Businessman Harbinder Sethi pleads for bail
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BUSINESSMAN Harbinder Sethi has asked the High Court’s corruption and economic crimes division to grant him bail pending committal proceedings and trial in the 350bn/- economic sabotage case he is facing, citing health complications, among reasons.

A team of his advocates, comprising Melchisedeck Lutema, Mohamed Khan and Joseph Makandege told Judge Winfrida Korosso last Friday that there were “special circumstances” warranting the court to consider bail to the businessman – even though some of the charges he is facing weren’t bailable.

It was Mr Makendege who opened the floor for defence submissions, arguing that among the charges Sethi was facing included money laundering, which under the Tanzanian laws were not bailable.

But he argued such offences had been “preferred” by the prosecution maliciously to deny bail to his client. According to him, the basis of money laundering charges was wanting because the money from the escrow account under the centre of the dispute originated from the Bank of Tanzania (BoT).

“It will be inconceivable for one to contend that the Bank of Tanzania will keep illicit money,” he submitted. He told the court that money involved in the transaction was lawfully paid to Pan Africa Power Solutions Tanzania Limited (PAP) under which Sethi is the Executive Chairman and shareholder.

Submitting on the question of illness, Mr Makendege informed the court that his client was seriously sick. Referring to several paragraphs of the affidavit sworn by the businessman, the advocate submitted that his client underwent multiple complexes surgical procedures in a Johannesburg where an intragastrical balloon was inserted into his stomach and regular medical attention were prescribed for him.

Mr Makendege submitted that there are uncontroverted evidence on serious illness, health complications, want of expertise and equipment for handling his client’s case in Tanzania. Sethi, he argued, requires urgent specialized medical attention without which he may be unable to survive.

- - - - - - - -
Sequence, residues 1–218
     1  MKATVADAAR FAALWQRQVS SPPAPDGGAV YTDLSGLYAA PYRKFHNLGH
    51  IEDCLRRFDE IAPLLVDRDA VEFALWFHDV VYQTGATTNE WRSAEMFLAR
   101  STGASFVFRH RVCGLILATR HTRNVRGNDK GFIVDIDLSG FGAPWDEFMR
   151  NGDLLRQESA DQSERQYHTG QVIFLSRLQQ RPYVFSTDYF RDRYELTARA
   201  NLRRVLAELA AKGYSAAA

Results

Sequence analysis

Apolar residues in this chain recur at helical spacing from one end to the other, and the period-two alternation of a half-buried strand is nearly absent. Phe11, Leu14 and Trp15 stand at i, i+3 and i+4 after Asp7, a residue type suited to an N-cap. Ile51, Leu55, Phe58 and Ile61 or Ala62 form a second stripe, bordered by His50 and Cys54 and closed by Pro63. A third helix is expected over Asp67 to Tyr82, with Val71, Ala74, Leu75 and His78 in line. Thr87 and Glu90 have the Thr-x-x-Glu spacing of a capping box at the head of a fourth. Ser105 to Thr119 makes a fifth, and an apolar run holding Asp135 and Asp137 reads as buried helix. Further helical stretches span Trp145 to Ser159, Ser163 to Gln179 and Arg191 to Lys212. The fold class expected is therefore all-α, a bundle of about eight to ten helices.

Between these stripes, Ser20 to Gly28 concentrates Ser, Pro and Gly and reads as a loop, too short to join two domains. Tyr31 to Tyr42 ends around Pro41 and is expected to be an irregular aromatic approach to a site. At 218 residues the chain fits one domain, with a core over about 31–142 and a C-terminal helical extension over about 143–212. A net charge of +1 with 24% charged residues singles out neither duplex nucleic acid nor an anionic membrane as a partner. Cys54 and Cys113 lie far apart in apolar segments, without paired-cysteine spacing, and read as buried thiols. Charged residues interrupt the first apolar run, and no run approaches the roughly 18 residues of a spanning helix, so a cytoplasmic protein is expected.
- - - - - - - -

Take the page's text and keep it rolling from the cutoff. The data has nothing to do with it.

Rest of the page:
Under the circumstances, he submitted, there were exceptional circumstances that warrant the court to depart from the general statutory provisions under section 148 (4) (a) (v) of the Criminal Procedure Act, prohibiting granting of bail to an accused charged with money laundering such as the businessman.

Mr Khan, a lawyer from Durban South Africa, pointed out that the cited law should not be interpreted as a bar to the grant of bail, as there were special circumstances where charges of money laundering could be bailable.

He cited several case laws, among them from South Africa, to support his position. He asked the court to grant bail to the accused in the interest of justice, considering the fact that he has been in remand for almost four months and no trial has commenced yet.

Such position, he submitted, was against the principal that justice delayed is justice denied. Mr. Lutema concluded by submitting that the word “shall” contained in the provision governing bail on money laundering charges should not be interpreted to mean, “Mandatory” given the circumstances surrounding the matter.

“If such word is interpreted to mean mandatory will defeat the object for denial of bail, which is to ensure the accused attend his trial. It will mean denying him to medical attention and endangering his life. It is the duty of this court to protect the life of person who appears before it,” he submitted.

In his response to the submissions by the defence, Principal State Attorney Dr Zainab Mango, for the prosecution, told the court that the law was very clear that money laundering offences under which the accused stand charged with are not bailable.

She submitted on the medical evidence that the law does not provide any exceptional circumstances for the court to depart from the law to grant bail to the accused. Therefore, she said, the accused should be advised to pursue such right instead of bail.

After hearing the arguments from both parties, the judge said she would deliver the ruling on the matter on October 25. In the trial, Sethi and his co-businessman James Rugemalira are facing 12 counts of conspiracy, leading organized crime, forgery, uttering a false document, obtaining money by false pretences, occasioning loss to a specified authority and money laundering.

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